Season 3! We have made it through the first two iterations of The Brewmaster, grinding the ladder with both Control Shaman and Mech Priest. I loved both decks, and also really enjoyed getting a chance to break away from my usual comfort zone. However, I must also admit I feel strangely…unfulfilled. While this series is largely about innovation (something we have managed to achieve so far), it is also about success. There are many ways to measure that success in the different facets of life, but in Hearthstone the real prize is legend. While I have climbed to the orange diamond plenty of times, I have not yet done it on The Brewmaster. That is a monkey on my back that I am seeking to change this month. As a result, this next season is going to be a two-part of sorts. On one hand we are still going to discuss deck construction as well as the best ways to fight and mulligan, but we are also going to discuss what it takes to grind to legend. Many people take the push for granted (because it does happen quite a lot) but I really want to delve into the small differences in play and deck building that separate a rank 10-1 player from a legend.
So, the next obvious question is, where do we go from here? As always, I wanted to create a fun deck that no one (or very few people) had ever tried. Something out of the box, something strange that would really be a good test of both my play and deck-building abilities. The last two months have been really fun, but they haven’t gone far enough (in my opinion). Thinking forward, I wanted a crazy deck that I also thought had the potential to hit legend. That gave me a couple of options, all of which I have been mulling over in my head. The answer I landed on was Taunt Warrior. Ever since [card]Bolster[/card] was first spoiled I wanted to take the taunt theme and build it around a Warrior deck. Not only that, but Warrior has a ton of interesting tools for a taunt style deck. Those two factors, combined with the fact that no one has really made a successful version yet, made me want to strap on my armor, grab my axe and fight for the horde.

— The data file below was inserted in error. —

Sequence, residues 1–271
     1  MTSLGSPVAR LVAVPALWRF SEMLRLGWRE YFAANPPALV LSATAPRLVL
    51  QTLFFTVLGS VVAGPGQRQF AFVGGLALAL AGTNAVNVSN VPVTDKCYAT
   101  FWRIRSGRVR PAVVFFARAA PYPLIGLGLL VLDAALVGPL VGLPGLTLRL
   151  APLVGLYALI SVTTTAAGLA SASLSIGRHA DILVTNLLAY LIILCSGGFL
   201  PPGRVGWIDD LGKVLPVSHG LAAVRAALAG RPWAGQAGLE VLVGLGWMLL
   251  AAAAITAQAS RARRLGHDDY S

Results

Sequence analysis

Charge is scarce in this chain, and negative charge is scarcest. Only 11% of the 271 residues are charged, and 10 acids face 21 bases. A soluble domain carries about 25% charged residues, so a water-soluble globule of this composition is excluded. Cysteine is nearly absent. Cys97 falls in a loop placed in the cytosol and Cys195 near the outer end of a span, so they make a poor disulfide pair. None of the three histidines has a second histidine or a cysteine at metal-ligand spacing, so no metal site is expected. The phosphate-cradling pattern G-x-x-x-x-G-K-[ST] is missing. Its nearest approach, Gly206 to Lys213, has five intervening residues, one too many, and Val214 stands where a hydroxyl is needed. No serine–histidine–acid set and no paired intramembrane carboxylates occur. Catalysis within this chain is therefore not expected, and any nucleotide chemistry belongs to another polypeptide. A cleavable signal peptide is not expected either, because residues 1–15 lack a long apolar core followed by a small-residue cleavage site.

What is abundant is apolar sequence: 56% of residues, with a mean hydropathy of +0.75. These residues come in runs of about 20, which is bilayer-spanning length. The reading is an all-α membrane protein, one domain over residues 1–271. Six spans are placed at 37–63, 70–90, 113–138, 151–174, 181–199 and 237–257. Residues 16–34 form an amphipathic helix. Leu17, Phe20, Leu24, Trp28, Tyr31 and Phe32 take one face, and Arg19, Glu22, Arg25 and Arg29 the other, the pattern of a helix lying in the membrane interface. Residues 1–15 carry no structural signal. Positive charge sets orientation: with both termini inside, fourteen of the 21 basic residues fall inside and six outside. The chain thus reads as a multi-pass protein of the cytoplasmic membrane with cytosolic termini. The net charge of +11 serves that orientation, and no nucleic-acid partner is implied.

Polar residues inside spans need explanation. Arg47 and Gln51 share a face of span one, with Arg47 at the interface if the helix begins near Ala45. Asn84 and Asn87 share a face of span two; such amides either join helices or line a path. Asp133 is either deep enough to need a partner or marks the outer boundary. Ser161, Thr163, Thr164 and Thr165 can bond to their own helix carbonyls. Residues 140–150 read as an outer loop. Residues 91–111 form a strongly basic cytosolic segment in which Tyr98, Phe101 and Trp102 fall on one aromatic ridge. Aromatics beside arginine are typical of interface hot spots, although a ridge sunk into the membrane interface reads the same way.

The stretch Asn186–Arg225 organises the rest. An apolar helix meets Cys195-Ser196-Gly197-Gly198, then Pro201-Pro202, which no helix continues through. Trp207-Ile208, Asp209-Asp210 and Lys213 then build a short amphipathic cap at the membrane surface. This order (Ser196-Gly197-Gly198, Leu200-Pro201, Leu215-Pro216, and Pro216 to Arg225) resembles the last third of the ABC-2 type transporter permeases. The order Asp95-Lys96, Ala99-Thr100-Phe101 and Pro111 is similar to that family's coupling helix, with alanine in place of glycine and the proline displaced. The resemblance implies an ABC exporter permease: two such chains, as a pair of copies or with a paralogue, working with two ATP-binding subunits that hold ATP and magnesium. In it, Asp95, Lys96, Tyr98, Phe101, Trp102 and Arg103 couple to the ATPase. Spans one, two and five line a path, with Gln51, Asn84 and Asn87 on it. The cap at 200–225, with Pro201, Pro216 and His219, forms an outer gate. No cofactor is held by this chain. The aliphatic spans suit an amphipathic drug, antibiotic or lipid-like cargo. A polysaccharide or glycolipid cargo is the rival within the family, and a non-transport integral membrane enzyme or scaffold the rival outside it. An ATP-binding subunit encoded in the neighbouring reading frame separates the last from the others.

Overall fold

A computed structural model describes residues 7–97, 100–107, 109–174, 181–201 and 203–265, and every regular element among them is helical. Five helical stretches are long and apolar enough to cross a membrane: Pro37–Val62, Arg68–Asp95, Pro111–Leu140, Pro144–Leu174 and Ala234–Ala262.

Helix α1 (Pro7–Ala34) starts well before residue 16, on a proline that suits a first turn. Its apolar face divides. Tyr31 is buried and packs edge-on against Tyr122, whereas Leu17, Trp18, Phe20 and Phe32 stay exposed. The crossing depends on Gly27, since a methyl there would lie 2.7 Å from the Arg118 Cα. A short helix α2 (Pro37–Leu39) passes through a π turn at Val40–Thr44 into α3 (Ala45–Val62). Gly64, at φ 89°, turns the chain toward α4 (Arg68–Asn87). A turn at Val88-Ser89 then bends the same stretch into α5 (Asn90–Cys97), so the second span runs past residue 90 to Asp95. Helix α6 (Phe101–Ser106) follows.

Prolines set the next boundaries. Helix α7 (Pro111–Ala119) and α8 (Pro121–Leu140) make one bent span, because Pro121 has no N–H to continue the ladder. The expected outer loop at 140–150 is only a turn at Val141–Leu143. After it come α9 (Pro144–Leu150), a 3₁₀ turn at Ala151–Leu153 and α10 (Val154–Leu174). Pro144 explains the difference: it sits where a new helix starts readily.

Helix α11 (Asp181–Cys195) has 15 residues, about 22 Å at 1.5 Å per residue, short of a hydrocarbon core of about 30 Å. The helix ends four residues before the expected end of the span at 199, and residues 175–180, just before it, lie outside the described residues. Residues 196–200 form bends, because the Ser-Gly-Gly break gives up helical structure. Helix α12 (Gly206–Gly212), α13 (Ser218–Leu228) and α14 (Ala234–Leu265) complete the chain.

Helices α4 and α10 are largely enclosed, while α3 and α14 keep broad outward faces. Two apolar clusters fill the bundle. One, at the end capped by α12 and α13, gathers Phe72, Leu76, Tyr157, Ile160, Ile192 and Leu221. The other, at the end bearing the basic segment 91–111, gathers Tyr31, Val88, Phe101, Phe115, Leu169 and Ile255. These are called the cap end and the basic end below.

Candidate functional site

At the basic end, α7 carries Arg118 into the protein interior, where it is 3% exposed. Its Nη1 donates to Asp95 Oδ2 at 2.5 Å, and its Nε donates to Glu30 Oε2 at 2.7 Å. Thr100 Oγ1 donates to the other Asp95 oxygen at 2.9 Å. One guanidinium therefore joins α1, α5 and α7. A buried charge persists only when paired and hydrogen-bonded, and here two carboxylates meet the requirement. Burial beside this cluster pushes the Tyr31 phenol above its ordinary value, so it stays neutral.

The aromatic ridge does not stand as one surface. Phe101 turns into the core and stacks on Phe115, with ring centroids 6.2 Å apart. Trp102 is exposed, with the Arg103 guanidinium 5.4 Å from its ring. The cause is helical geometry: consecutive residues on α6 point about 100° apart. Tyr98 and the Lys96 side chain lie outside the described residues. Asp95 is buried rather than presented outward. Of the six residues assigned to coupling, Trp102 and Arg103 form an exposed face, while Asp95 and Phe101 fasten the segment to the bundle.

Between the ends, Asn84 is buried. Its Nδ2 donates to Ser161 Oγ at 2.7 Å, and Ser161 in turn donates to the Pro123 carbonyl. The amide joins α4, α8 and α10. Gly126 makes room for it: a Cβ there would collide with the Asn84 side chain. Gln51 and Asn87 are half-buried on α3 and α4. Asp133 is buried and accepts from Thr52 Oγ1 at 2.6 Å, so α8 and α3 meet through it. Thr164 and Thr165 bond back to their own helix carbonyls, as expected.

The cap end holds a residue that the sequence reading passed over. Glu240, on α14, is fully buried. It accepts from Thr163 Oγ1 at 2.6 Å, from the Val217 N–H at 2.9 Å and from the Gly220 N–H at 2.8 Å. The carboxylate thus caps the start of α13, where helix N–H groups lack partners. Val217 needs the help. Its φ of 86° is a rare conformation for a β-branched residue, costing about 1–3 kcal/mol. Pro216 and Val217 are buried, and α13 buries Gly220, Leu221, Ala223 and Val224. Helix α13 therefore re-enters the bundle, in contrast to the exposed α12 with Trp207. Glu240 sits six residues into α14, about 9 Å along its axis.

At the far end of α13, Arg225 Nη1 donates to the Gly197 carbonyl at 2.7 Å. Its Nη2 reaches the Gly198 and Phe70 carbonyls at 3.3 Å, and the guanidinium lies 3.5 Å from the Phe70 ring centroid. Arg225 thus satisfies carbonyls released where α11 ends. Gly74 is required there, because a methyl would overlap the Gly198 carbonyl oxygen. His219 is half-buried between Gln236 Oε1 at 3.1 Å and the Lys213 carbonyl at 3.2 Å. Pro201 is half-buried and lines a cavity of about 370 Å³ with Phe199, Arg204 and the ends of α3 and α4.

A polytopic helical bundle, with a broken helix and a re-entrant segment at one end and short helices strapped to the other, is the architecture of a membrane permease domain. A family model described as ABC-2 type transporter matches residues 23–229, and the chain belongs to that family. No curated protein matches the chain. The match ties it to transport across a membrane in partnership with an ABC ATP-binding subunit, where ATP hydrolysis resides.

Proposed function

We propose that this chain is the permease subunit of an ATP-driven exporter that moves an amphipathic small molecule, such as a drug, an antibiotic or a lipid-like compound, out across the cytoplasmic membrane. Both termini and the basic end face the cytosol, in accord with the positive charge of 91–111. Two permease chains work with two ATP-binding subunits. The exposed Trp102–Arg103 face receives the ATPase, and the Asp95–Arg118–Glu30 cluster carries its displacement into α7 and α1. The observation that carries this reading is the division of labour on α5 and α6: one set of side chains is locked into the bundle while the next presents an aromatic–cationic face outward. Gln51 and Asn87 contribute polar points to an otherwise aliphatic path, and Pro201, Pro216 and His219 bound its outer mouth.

Going into this month’s Brewmaster I was in kind of an odd spot. I am building a Warrior deck, which immediately made me want to play all of the usual Control Warrior cards like [card]Shieldmaiden[/card] and [card]Justicar Trueheart[/card]. However, Control Warrior has greatly died off in the current meta, and playing the stock Control Warrior build is not something I am interested in. While I do think this deck is a control deck, I think it runs much more similar to a midrange deck with a control end game rather than the standard “gain all the armor” style we are so used to. In fact, the only real armor cards are the two [card]Bash[/card]es. I did initially flirt with the idea of running [card]Justicar Trueheart[/card] (and I may go that route in the coming weeks) but I wanted to do something a little more daring to start off the season.
This deck has a pretty solid curve made up of taunts, and then tops off with a few minions that are made to go long. Taunt is a word synonymous with Control (unless you’re playing Druid), and that is exactly what I hope this deck is: Control. You play your heavy, on-curve taunts to dominate the board and force your opponent to make weak trades. Then, when they are tapped out, you take over the end with some giant finisher. Taunts are great because they force your opponent to react to them. A lot of the decks in Hearthstone right now depend on ignoring the board. However, if you force them to play to your minions instead of what they want they will eventually falter. At least, that’s the idea.
Before I get into the cards, I do want to discuss something about climbing the ladder (and hitting legend). A big part of strategically choosing a deck is how well you think it will do. Seem obvious, but how often do people actually think about the deck they are playing in scope of the whole ladder versus “this is good”? While this deck could be more midrange (or even aggressive) I feel like this is a very good meta for a control style deck. The reason is that there is a lot of burn or burst based aggro (which taunts and armor are great against) and a lot of slower decks like Renolock and Dragon Priest, which control can slowly grind out. Knowing that, I think going the slower (but different) control route will make this deck the more fun for me to play and give me the best chance to win as the days move forward.
[cardinsert card=”sparring-partner” float=”right”]
One of the taunt kings, [card]Sparring Partner[/card] is a card that makes (or will make) this deck work. At its base this card is just a 3/2 for two with taunt. Very weak in terms of power level, but also not a terrible play early in the game because your opponent cannot simply run their two drop around it. In addition, this card can also give another card taunt, which is why it is so important to the overall gameplan.